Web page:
Related topics

Listen up: The noise at Arrowhead is no joke

November 3, 1997

KANSAS CITY, Mo. (AP) _ Those jokes about Arrowhead Stadium being a haven for hearing aid salesmen might not be so funny after all.

The deafening noise generated by 78,000 Kansas City Chiefs fans may harm a lot more than the chances of the visiting team, says an audiologist who urged fans to take precautions Monday night.

``The sound level at Arrowhead Stadium nearing 120 decibels can be compared to a jet taking off, a nightclub or thunder. For an outdoor stadium, that is unbelievable,″ said Kevin Ruggle of the Audiology Center. ``I strongly recommend that if you take the kids, have them wear some hearing protection.″

The configurations of Arrowhead, a football-only facility opened in 1973, seem to better contain noise than other outdoor stadiums. As that became apparent in recent years during the Chiefs’ rise to prominence, fans began taking pride in disrupting opponents.

Players were urging fans to be at their loudest for Monday night’s game against the Pittsburgh Steelers, who were 17-7 winners in Arrowhead a year ago on a Monday night. Even some of the Chiefs’ new players were surprised this year at the Arrowhead din.

``After our first home game, my ears were ringing for about two days,″ said quarterback Elvis Grbac.

``I’d heard all the things about Arrowhead, but I had no idea how loud it really was,″ said tight end Ted Popson. ``The word is all around the league.″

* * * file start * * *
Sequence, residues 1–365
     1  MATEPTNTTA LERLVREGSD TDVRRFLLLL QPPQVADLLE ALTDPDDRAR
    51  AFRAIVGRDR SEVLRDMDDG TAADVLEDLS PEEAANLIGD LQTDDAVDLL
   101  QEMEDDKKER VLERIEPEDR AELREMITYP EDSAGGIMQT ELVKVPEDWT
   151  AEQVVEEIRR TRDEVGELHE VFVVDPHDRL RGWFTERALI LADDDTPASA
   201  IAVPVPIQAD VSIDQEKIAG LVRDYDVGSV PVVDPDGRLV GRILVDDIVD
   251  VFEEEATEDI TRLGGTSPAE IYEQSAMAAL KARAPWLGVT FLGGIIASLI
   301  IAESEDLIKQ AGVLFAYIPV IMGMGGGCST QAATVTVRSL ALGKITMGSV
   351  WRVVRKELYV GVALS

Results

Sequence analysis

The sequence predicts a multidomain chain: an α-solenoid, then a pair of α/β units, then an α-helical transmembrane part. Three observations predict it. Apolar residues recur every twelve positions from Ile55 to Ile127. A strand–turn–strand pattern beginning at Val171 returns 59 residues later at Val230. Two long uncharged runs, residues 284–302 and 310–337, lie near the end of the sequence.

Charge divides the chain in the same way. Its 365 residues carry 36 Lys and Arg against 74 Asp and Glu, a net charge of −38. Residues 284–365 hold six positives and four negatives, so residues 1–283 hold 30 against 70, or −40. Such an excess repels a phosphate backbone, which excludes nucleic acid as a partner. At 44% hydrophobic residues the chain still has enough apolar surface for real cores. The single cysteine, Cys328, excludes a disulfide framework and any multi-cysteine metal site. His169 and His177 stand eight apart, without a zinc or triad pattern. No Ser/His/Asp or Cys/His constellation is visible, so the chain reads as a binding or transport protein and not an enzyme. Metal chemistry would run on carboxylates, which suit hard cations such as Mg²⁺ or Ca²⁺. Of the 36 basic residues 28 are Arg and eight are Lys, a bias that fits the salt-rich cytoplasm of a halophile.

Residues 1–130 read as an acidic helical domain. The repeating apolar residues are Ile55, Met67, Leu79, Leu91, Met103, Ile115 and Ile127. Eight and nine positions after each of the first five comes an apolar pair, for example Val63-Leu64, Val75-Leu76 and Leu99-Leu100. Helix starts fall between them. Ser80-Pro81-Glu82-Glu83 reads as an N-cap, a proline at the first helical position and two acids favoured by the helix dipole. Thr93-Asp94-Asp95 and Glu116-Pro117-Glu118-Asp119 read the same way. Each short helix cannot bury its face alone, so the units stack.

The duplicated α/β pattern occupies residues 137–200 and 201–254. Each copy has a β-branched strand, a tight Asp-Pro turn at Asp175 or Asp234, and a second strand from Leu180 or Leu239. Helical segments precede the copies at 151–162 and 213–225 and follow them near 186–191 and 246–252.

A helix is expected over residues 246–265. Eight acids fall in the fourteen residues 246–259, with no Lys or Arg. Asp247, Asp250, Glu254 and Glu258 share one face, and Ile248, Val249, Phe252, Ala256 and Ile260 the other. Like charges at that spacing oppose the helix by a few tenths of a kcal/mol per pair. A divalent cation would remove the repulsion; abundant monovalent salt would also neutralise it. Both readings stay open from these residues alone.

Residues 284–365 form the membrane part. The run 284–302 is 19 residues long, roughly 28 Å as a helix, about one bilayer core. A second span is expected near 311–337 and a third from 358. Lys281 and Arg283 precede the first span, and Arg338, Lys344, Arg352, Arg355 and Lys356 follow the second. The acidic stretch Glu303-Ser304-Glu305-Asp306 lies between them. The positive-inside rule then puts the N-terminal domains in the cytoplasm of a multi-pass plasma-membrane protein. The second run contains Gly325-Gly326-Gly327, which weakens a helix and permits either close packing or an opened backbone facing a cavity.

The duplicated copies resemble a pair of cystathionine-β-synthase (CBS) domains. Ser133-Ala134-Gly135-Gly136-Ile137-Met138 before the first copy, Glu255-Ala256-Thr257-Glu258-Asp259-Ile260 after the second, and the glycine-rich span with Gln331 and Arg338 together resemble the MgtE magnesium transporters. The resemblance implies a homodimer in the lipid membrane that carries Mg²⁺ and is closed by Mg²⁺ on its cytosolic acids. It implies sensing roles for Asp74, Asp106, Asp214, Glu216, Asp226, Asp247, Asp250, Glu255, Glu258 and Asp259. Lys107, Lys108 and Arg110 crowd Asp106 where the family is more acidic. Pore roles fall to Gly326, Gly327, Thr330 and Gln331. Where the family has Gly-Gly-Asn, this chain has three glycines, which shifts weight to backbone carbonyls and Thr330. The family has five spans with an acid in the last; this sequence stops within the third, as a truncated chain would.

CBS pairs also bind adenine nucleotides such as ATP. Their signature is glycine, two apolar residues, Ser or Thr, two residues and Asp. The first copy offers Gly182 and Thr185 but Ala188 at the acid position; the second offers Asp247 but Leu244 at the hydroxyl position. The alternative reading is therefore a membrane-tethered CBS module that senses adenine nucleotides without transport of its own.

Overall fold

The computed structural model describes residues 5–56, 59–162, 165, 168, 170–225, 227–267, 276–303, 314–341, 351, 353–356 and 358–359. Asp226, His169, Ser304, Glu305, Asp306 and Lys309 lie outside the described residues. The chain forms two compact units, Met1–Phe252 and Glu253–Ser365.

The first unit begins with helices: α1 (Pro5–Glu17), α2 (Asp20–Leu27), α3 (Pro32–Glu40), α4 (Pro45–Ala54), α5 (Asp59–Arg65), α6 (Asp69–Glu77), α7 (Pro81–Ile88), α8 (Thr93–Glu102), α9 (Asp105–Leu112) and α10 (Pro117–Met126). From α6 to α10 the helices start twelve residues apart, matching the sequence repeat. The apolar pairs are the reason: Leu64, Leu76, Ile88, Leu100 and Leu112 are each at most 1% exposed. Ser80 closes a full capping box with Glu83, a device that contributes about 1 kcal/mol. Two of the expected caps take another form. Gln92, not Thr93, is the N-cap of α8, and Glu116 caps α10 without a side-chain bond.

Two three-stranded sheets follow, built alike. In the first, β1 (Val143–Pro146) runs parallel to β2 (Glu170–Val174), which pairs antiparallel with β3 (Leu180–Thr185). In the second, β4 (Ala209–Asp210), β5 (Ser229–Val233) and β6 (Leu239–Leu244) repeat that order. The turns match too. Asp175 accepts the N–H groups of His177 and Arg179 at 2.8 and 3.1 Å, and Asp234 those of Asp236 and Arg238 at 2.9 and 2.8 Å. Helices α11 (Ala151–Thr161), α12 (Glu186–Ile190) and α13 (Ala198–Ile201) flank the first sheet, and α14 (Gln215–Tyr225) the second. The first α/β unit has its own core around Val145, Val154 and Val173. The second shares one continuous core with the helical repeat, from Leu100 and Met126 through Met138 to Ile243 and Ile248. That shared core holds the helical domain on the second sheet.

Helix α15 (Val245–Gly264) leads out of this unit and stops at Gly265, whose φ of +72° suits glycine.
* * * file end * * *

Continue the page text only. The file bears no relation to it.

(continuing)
Last time the Chiefs were home, a Thursday night against San Diego, linemen strained to hear quarterback signals as the Chargers drew nine procedure penalties and the Chiefs romped 31-3.

``It even got too loud for us,″ Chiefs guard Dave Szott said. ``A few times, I couldn’t hear our own quarterback.″

The Steelers are unbeaten in seven regular-season games in Kansas City entering Monday night. Nevertheless, their offense spent the week preparing to hear nothing at the line of scrimmage.

``We just look at the ball, that’s all you can do,″ said guard Tom Myslinski. ``You never know when (the center) is going to snap it so you can’t lose sight of the ball.″

But if only it were that simple.

``At the same time, you have to be watching the defensive tackle and all the movement,″ Myslinski said. You want to see who’s shifting, what linebackers are moving where. Plus you have to be making all the (blocking) calls because the center has his head between his legs. You really have to be careful, because a lot of things are happening at once.″

The silent snap does not work very well for everyone.

``It’s horrible for the tight ends,″ said Pittsburgh tight end Mark Bruener. ``We’re the farthest away from the ball of the players that have to hear the snap count. Receivers go off of what they see. The tight ends are left on an island sometimes. We don’t have much of a chance sometimes, but we still have to get it down.″

When opponents near the goal, Bruener said, the players can’t hear anything.

``You try to look out of the corner of your eye and hope the defense doesn’t try to draw you offside,″ he said. ``You try to get off on near the snap because usually if you’re late you can’t be effective and your offense can self-destruct if you don’t have sharp execution in those types of situations.″

Update hourly